What about ${m}_{ij}=\infty \text{?}$ This is what is needed in the affine case?

Remark: In the affine case, the element ${U}_{w}\left(h\right)\in {U}_{-}$ is not necessarily unique for a given $\left(w,h\right)\text{.}$ For example, when $t·h=h,$ have ${U}_{t}\left(h\right)\in Z\left(e+h\right)\cap {U}_{-}\text{.}$

### The action of $W$ on $\left(e+\underset{_}{h}\right)×Z$ and on $S\otimes 𝒪\left(Z\right)$

Suppose that ${U}_{-}$ acts on a scheme $Z\text{.}$ Then $W$ acts on $\left(e+\underset{_}{h}\right)×Z$ by $w((e+h,z)) = (e+wh,Uw(h)·z).$ Assume that $Z$ is affine. Then $W$ acts on $𝒪\left(\left(e+\underset{_}{h}\right)×Z\right)\simeq S\otimes 𝒪\left(Z\right)\text{:}$ $(w·p1) (e=h,z) = p1(w-1·(e+h,z)) ,p1=s⊗p∈ S⊗𝒪(Z).$

Lemma: For $s\otimes p\in S\otimes 𝒪\left(Z\right),$ $ri·(s⊗p) = ∑n≥0 (ri·(αins)) ⊗fi(n)·p.$

 Proof. By definition, $ri·(s⊗p) (e+h,z) = (s⊗p) (ri·(e+h,z)) = (s⊗p) (e+ri·h,Uri(h)·z) = s(ri·h) p(Uri(h)·z) = (ri·s)(h) (Uri(h)-1·p)(z) = (ri·s)(h) ( exp(-⟨αi,h⟩fi·p) (z) ) = (ri·s)(h) ( ∑n≥0 -⟨αi,h⟩nn! fin·p ) (z) = ∑n≥0 ((-αi)nri·s) (h)(fi(n)·p)(z) = ∑n≥0ri· (αins)(h) (fi(n)·p)(z) ⇒ ri· (s⊗p) = ∑n≥0 (ri·(αins)) ⊗fi(n)·p.$ $\square$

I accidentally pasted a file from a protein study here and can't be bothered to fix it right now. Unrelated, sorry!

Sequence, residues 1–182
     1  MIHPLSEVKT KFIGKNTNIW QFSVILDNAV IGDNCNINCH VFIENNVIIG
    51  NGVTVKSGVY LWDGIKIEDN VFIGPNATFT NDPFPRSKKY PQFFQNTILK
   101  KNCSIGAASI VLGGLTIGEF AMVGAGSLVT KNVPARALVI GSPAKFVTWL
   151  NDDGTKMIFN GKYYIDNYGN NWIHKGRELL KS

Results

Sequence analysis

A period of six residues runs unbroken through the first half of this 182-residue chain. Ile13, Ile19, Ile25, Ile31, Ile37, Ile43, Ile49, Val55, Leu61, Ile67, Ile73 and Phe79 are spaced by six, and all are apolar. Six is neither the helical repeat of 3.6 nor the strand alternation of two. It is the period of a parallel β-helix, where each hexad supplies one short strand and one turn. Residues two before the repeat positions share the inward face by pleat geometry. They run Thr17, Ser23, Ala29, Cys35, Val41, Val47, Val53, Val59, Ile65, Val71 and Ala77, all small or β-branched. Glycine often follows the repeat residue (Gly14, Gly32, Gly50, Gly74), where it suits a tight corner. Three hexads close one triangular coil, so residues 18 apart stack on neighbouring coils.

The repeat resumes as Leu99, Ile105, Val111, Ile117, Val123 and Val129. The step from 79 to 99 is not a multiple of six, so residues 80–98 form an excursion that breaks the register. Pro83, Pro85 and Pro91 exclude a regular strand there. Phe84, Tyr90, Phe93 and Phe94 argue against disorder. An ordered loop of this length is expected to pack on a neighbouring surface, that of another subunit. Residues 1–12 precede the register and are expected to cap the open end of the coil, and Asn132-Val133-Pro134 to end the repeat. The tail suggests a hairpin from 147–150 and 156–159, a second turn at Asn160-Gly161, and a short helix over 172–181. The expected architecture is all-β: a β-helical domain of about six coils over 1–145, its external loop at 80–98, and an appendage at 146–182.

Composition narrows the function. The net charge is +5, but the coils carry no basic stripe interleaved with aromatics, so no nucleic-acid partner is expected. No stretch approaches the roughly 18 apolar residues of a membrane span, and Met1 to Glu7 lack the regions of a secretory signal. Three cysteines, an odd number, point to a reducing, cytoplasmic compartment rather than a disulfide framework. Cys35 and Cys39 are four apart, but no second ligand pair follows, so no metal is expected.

Consequently, we get an integrable $\underset{_}{A}\text{-module}$ structure on $S\otimes 𝒪\left(Z\right)$ by $Ai·(s⊗p) = 1αi (1-ri)· (s⊗p) = (Ai·s)⊗p+ ∑n≥1ri· (αin-1s) ⊗fi(n)·p.$ For each $p\in 𝒪\left(Z\right),$ this is a finite sum.

### The groupoid scheme $𝒰\prime =\left(e+\underset{_}{h}\right)×{U}_{-}\text{:}$